Being a Lit Parent Doesn’t Mean Pulling Out the Wine

We have the English language. We have Sign Language.  We have Foreign Language. We have Unspoken Language. And then we have Teenage Language.

Of all the languages, Teenage Language is the most difficult to learn. So much of what our teenager says  actually means something completely different. We, as parents, are left to scramble and decode what comes out of their mouths if we are to understand and communicate with our precious offspring.   We are forced to be part interpreter, part mind reader, part body language specialist and part translator. We often ask ourselves, “Who is the stranger living in our house and where did my child go?”  Parenting teenagers involves becoming bilingual in a language that remains a mystery to even the coolest parents.

Here is a guide to understanding your teenager and reading into what they are really saying.  If you want to be a lit parent, here ya go fam.

When they say, “I need to chill”, they aren’t asking you to turn up the AC, what they are really saying is: “I want to check my phone. I need to see what my friends are doing. I plan to Snapchat and check Twitter.”

When they say, “Don’t be salty. There’s still plenty of time to pull my grades up”, they aren’t talking about potato chips, what they are really saying is: “I want to check my phone.  It’s not finals week so why are you stressing and being angry?  I’ll text my friends to get the homework I need. I do this every semester and somehow it works.”

When they say (on Sunday night), “I’m feeling overwhelmed”, they aren’t asking you to draw them a hot bath to unwind, what they are really saying is: “I want to check my phone.  Then I’ll start on the homework I should have done earlier but failed to do because I probably goofed around or played video games all weekend.”

When they say, “My grades are whack”, they aren’t asking you dial the tutor, what they are really saying is “I want to check my phone.  I need to study more because I’m not doing good in school.”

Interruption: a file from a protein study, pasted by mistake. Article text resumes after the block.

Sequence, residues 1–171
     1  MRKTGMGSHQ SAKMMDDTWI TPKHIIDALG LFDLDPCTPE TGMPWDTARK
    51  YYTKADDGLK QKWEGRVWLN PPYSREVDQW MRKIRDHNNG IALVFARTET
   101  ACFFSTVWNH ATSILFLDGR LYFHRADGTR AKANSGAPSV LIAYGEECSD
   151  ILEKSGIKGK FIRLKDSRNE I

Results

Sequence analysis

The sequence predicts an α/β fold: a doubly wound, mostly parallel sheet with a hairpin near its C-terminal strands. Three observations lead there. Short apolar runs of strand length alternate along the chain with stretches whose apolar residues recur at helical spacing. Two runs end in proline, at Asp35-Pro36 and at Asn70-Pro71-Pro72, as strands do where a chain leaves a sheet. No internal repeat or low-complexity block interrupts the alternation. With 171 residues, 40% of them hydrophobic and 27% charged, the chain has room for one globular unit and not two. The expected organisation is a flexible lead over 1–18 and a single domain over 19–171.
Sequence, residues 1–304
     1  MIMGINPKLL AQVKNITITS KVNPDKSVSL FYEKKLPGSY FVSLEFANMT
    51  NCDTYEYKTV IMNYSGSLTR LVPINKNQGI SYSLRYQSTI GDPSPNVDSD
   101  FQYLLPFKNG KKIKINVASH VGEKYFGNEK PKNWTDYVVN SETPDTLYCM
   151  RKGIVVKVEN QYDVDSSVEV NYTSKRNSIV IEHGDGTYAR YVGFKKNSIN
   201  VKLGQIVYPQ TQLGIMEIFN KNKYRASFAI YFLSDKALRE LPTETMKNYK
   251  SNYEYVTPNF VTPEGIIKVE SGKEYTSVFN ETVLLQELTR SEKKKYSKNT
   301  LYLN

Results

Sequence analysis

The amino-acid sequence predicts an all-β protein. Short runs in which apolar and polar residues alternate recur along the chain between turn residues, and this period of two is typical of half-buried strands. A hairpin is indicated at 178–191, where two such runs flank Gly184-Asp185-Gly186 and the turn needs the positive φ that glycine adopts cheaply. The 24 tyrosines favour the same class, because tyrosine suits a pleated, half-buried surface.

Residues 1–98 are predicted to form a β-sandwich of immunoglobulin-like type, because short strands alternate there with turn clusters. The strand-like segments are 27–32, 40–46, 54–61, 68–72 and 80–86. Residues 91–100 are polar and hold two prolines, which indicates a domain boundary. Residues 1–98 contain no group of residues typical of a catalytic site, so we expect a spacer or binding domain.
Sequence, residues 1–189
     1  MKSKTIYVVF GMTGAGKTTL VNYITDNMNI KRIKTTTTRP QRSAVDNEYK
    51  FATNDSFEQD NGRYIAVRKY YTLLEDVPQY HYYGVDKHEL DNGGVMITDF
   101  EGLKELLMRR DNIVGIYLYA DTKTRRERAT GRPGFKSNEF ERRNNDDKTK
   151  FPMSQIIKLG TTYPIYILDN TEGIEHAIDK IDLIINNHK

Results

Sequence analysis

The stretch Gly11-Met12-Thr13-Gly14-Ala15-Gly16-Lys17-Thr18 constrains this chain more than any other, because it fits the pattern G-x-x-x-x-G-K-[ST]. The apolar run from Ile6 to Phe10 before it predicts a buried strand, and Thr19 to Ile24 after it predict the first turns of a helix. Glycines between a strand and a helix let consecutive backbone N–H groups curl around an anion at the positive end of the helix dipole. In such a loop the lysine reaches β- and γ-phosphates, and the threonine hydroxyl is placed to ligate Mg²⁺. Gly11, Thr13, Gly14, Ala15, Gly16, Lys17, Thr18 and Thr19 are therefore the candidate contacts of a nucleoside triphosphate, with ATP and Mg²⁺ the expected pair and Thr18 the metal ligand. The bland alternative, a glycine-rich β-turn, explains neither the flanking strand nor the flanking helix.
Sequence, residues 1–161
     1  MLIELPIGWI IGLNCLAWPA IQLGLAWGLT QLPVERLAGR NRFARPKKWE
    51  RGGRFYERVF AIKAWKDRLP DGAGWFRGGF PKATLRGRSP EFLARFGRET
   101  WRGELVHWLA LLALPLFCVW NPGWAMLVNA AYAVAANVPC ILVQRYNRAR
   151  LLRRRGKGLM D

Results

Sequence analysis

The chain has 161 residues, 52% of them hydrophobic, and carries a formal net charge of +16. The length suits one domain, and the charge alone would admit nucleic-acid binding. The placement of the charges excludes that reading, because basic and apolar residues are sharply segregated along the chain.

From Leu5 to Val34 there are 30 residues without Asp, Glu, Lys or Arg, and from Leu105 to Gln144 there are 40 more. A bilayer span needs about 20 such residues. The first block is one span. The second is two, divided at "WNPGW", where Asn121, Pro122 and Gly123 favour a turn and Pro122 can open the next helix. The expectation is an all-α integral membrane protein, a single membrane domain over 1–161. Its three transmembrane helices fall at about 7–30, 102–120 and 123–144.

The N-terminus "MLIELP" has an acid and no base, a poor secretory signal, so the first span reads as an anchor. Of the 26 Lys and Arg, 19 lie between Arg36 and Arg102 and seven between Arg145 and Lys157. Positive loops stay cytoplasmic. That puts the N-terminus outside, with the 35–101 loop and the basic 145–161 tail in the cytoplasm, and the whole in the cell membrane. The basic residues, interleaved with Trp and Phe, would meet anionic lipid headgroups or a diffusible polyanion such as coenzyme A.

When they say, “Someone threw shade at me” they aren’t saying a friend gave them an umbrella to block the sun, what they are really saying is “I want to check my phone. Someone talked trash or gave me a nasty look.”

When they say, “I’m going to Snap”, they aren’t asking you to call their therapist, what they are really saying is “I want to check my phone and then I want to post something to my friend that will be gone in 10 seconds”.

When they say, “Can I have some money?”, they aren’t asking to do chores and get paid, what they are really saying is: “I want to check my phone. I need to see what my friends are doing so I know where we are hanging. Odds are I’m spending that money on food.”

When they say, “I’m light weight scared about that test”, they aren’t saying they need to bulk up, what they are really saying is: “I want to check my phone. I probably failed it.”

When they say, “I am bored”, they aren’t asking you to pull out Monopoly, what they are really saying is: “I want to check my phone.  I need to see if anyone is down to hang out. I have nothing to do and sitting at home isn’t fun.”

When they say, “There is no food in our house”, they aren’t asking you to open the fridge and point out the delicious leftovers, what they are really saying is: “I want to check my phone.  We might have food, but it takes work to cook and I want to eat right now. Fruits and vegetables don’t count.”

When they say, “You never let me do anything”, they aren’t asking you to point out how they went snowboarding last week, what they are really saying is: “I want to check my phone.  You set rules that I don’t like.”

When they say, “You wouldn’t understand” they aren’t asking you to explain things in a way that makes sense, what they are really saying is: “I want to check my phone. I don’t really understand either.”

When they say, “No offense but you’re really embarrassing” they aren’t really saying they care if you are offended, what they are really saying is: “I want to check my phone. Hugging me in public is a no-no and in case you haven’t noticed, I’m a full-fledged teenager now”.

When they say, “I want to be the Goat at golfing” they aren’t telling you they want to be a farm animal, what they are really saying is that “I want to check my phone. I want to be the Greatest of All Time at golfing and I need your credit card for green fees.”

When they say “I know I messed up. I’m sorry” they aren’t asking you to forgive them, what they are really saying is: “I want to check my phone.  Please take away anything BUT my phone.”

When they say, “I love you too” what they are really saying is: “I know you do a lot for me and I appreciate you.  I know we fight but we still love each other. Now can I go check my phone?”

5 thoughts on “Being a Lit Parent Doesn’t Mean Pulling Out the Wine

Leave a Reply

Your email address will not be published. Required fields are marked *